Do you investigate your stool before you flush? If not, you should start! Your poo is a printout of your current health. The stool is made up of different kinds of secretions; the color of it generally depends on what food we eat. The transverse colon contains only waste products and no more nutrient absorption occurs beyond this point. The amount of debris, composition, color and odor of feces depends on whether the frequency of the food and water taken in is low or high, meaning dead or alive.
Below is a list of what different colors and consistencies mean.
Bright red blood: means that the blood is from the anus. It could be from an internal hemorrhoid or from a fistula or other rectal problem. Visit your doctor.
Dark red blood: has come from further up in the digestive system… it could mean ulcers or colitis in the splenic flexure area. Visit your doctor.
Blackish-red blood: indicates ulceration and bleeding around the hepatic flexure. Visit your doctor.
Blood totally black in color: could be from the stomach. Visit your doctor.
Dark colored stool: can be produced from a high protein diet – mostly meat. Dark colored food such as blackberries or cherries will also stain the stool a darker color.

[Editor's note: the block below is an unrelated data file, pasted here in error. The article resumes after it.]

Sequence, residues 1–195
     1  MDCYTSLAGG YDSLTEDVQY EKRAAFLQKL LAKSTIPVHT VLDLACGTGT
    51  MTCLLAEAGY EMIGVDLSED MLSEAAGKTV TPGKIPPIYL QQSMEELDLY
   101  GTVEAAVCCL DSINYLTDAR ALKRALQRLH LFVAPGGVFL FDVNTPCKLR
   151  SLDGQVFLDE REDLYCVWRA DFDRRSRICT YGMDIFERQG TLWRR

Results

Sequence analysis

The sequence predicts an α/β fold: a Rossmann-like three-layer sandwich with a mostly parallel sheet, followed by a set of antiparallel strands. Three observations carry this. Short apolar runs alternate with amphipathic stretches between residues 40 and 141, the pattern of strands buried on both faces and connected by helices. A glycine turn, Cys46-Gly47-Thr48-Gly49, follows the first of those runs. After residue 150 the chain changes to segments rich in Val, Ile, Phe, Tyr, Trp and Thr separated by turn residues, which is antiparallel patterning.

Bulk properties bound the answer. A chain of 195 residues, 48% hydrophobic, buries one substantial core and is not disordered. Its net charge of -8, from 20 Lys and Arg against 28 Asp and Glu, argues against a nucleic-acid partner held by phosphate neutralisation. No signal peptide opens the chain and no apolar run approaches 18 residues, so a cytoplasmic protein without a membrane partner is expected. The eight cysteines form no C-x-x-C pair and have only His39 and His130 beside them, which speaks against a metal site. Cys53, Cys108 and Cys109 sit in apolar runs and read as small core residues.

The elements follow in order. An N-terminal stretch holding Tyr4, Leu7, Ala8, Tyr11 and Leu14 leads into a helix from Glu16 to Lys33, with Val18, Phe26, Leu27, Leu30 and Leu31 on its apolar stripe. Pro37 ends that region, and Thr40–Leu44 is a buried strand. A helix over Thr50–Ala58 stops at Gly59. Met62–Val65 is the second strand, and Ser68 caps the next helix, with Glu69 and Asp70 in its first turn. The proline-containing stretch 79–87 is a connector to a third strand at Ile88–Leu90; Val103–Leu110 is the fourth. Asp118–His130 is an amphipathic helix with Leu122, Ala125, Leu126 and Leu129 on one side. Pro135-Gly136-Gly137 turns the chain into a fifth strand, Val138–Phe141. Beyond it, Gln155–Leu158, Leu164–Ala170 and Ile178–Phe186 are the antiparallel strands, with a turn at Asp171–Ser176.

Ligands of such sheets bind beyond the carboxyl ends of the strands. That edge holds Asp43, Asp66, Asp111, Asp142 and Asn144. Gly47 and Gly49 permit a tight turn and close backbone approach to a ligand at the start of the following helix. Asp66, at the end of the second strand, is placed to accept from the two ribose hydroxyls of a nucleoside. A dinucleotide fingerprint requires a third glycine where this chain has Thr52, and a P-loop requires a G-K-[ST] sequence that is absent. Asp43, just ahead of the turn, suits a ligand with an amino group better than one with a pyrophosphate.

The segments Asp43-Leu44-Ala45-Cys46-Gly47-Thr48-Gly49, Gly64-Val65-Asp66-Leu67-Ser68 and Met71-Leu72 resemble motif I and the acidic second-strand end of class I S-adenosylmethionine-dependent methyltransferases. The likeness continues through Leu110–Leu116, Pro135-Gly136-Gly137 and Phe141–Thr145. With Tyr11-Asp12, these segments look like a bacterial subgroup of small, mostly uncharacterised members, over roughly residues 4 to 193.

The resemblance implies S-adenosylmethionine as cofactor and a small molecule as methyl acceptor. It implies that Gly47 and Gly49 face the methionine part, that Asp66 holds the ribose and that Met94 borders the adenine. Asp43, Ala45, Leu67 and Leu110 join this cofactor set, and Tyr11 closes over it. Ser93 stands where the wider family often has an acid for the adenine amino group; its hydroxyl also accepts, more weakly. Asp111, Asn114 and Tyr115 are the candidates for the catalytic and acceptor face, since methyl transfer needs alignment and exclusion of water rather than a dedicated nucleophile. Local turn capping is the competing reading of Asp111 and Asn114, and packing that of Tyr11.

Green stool: can be caused from eating spinach and other vegetables containing chlorophyll.
Yellow or orange stool: indicates insufficient bile and is mixed with intestinal contents, or a sign of jaundice or liver disease. Visit your doctor. Carrot juice can also make stools turn an orange color.
A reddish wine colored stool: can be caused from eating beets.
Slate grey or blackish stool: can be caused from iron medication or anemia.
Black stool: can be caused from excessive amounts of protein.
Very dark, olive, blue stool: may indicate a diet too rich in protein and fat – putrefaction within the bowel.
Dark, hard, offensive smelling stool: may indicate very severe bleeding high in the intestinal region. It may come from an ulcer in the stomach, duodenum, colitis, or Crohn’s Disease. Visit your doctor.
Grey or chicken soup-like stool: can indicate liver or gall bladder trouble. Visit your doctor.
A hard, black stool: means constipation.
Flat and thin stool: indicates an obstruction in the lower part of the bowel or spastic colitis. (usually around the splenic flexure of sigmoid area).
A stool with many small bead-like bubbles: shows fermentative conditions.
Slick, slimy stool: could be caused from jaundice or cleansing the intestines.
Scoop On Your Poop
You can also print off the chart below and chart your poo for 30 days!
Check out my article, ‘Scoop On Poop: What Your Poop Says About You’ to learn more about what your bowel movements are trying to tell you.
– Dr. Darrell Wolfe, Doc of Detox
Get trained to master your body!